The Equal Employment Opportunity Commission enforces federal laws prohibiting workplace discrimination. The EEOC was created by the Civil Rights Act of 1964. The employment section of the act, known as Title VII, prohibits discrimination based on race, color, national origin, sex or religion and also prohibits employers from retaliating against any employee who exercises his or her rights under Title VII.
Today, the EEOC enforces federal anti-discrimination statutes and provides oversight and coordination of all federal equal-opportunity regulations, policies and practices. The civil rights movement of the early ’60s peaked in the spring and summer of 1963. On June 19, 1963, President John F. Kennedy sent comprehensive civil rights legislation to Congress, asking it to “make a commitment it has not fully made in this century to the proposition that race has no place in American life or law.”
However, there was stiff political and social opposition to the legislation. After Kennedy’s assassination in November 1963, President Lyndon Johnson continued to support the legislation. He signed into law the Civil Rights Act on July 2, 1964.
From 1965 to 1971, the EEOC lacked any real enforcement authority. Instead, Congress authorized it to investigate claims of discrimination. If the EEOC found reasonable cause to believe discrimination occurred, it referred the case to the Justice Department to litigate. Regardless, during this period, the agency had a significant impact on the scope of future civil rights enforcement. The EEOC documented the nature and extent of discriminatory practices in employment, the first study of this kind. Additionally, it assisted individual plaintiffs through its amicus curiae program by filing “friend of the court” briefs interpreting the law.
In 1972, Congress passed the Equal Employment Opportunity Act of 1972, which amended Title VII to give the EEOC authority to conduct its own enforcement litigation. The EEOC strongly influenced the judicial interpretation of civil rights legislation. The agency’s advocacy defined “discrimination,” a term excluded from the 1964 act. In 1973, EEOC advocates pursued litigation leading to the country’s most often cited anti-discrimination Supreme Court opinion, McDonnell Douglas Corp. v. Green. In that case, the Court held that a plaintiff could prove an individual case of intentional discrimination, or disparate treatment, under Title VII by showing four factors. The plaintiff proved he was indirectly discriminated against in a hiring case by showing that (1) he was a member of a Title VII protected group, (2) he applied and was qualified for the position sought, (3) the employer rejected the plaintiff for the job and (4) the employer continued to seek applicants with similar qualifications after the rejection.The Court determined that once a plaintiff succeeded in making this bare showing of a prima facie case, the employer must articulate a legitimate, nondiscriminatory reason for refusing to hire the plaintiff. Absent this showing, the employer is guilty of workplace discrimination. Courts and the EEOC apply this analytical framework to cases brought under all federal anti-discrimination statutes.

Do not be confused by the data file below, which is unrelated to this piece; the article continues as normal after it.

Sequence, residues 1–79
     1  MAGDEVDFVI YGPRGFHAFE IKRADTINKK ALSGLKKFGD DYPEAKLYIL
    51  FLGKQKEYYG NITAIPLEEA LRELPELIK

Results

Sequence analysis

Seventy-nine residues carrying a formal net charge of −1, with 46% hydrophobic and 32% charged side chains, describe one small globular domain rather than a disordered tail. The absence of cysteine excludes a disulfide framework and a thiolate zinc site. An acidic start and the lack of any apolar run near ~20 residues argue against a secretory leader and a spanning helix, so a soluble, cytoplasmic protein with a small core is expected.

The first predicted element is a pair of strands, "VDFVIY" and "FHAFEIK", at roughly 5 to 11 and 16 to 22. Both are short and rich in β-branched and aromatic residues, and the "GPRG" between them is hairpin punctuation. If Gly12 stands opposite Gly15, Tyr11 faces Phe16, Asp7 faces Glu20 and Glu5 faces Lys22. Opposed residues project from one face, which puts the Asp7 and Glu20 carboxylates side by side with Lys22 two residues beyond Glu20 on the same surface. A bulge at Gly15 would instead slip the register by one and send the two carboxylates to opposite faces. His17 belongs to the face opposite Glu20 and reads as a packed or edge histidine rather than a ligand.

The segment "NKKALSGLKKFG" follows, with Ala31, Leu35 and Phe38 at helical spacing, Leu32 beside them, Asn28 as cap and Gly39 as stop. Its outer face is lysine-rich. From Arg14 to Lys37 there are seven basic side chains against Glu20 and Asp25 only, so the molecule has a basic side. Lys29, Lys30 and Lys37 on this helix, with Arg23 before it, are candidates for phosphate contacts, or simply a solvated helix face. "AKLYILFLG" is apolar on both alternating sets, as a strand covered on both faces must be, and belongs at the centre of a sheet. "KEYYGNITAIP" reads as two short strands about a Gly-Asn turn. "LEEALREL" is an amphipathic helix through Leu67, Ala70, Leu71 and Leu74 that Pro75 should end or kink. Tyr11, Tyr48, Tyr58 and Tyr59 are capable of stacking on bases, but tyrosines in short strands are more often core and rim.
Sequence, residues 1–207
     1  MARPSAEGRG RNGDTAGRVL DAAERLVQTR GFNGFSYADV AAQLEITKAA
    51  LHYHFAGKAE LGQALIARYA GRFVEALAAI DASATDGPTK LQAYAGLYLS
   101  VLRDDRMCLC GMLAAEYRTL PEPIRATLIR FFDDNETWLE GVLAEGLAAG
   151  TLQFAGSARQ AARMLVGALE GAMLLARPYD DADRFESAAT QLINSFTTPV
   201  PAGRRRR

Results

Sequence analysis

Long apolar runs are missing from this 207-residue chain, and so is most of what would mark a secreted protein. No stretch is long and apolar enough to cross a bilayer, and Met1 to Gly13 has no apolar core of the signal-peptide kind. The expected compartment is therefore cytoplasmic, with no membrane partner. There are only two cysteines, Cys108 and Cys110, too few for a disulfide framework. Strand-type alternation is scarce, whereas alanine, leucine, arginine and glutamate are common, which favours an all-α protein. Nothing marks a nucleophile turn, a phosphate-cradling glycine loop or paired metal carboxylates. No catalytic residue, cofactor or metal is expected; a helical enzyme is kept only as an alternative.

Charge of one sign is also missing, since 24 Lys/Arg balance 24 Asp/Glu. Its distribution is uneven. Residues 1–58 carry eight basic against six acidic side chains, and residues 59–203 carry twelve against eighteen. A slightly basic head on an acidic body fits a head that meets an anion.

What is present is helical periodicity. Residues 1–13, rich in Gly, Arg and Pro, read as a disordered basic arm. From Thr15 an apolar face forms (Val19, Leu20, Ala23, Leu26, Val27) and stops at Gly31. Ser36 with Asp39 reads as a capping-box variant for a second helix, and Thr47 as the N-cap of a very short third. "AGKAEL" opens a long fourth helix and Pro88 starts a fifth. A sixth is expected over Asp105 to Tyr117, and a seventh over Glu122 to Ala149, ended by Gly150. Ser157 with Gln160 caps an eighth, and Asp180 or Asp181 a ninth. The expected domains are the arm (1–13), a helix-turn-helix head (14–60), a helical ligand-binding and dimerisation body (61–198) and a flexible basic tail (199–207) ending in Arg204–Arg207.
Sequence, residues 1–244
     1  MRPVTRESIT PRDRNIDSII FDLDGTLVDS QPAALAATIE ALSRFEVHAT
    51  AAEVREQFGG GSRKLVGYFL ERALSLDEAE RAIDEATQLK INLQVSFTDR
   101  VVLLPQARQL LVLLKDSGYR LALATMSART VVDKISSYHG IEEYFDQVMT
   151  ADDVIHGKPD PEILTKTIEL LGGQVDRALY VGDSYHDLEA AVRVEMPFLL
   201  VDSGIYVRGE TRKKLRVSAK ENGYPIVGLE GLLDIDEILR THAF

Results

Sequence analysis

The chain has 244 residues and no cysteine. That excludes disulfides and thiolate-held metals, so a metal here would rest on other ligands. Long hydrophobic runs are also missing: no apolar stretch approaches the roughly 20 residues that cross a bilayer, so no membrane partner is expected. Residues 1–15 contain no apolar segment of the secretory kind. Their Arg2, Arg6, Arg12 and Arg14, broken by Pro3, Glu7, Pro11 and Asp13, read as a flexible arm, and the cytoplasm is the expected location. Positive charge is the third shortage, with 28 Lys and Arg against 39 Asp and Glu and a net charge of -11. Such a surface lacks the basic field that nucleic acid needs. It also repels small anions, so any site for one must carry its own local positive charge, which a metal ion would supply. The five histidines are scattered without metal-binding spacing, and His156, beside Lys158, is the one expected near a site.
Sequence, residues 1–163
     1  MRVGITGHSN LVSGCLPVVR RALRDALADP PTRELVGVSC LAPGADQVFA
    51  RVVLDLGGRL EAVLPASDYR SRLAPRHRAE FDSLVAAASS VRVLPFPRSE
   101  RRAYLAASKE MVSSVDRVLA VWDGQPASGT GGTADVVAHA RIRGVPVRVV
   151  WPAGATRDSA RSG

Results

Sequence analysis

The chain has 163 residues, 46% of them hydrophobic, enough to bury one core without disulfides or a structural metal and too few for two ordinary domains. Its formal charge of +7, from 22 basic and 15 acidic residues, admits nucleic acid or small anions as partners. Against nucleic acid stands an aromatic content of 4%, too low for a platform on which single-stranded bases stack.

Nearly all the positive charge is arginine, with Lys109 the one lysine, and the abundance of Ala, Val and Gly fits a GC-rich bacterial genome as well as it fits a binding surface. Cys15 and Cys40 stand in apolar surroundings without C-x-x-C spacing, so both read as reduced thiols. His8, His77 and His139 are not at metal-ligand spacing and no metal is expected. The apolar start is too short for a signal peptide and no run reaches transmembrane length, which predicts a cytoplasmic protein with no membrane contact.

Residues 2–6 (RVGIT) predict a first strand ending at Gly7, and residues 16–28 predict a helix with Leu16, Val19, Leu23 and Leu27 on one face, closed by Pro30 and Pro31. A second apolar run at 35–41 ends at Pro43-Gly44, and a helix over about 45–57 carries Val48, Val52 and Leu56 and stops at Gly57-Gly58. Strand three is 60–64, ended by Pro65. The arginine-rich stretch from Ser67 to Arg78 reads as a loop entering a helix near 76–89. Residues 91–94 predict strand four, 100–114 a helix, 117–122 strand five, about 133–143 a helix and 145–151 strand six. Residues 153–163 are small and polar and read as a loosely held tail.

Today, the EEOC conducts enforcement litigation under several federal statutes that prohibit job discrimination.
The EEOC investigates charges of discrimination and, in some cases, brings civil suits based on charges of discrimination. Charges of discrimination are most often filed by private individuals (complainants) who believe their employers have discriminated against them. The EEOC issues findings based on its investigations. In some cases, if the EEOC finds probable cause to believe discrimination has occurred, it may bring an enforcement action against the employer. However, in the majority of cases, the complainant will independently initiate and pursue any litigation based on Title VII. Any individual who wishes to file suit under Title VII or the ADA is required to exhaust his or her administrative remedies before suing the employer in court. In other words, the complainant must first file a charge of discrimination with the EEOC before it may seek judicial remedy.
Last updated: Nov. 5, 2008
The content on this page was developed in partnership with the Legal Information Institute, Cornell Law School.
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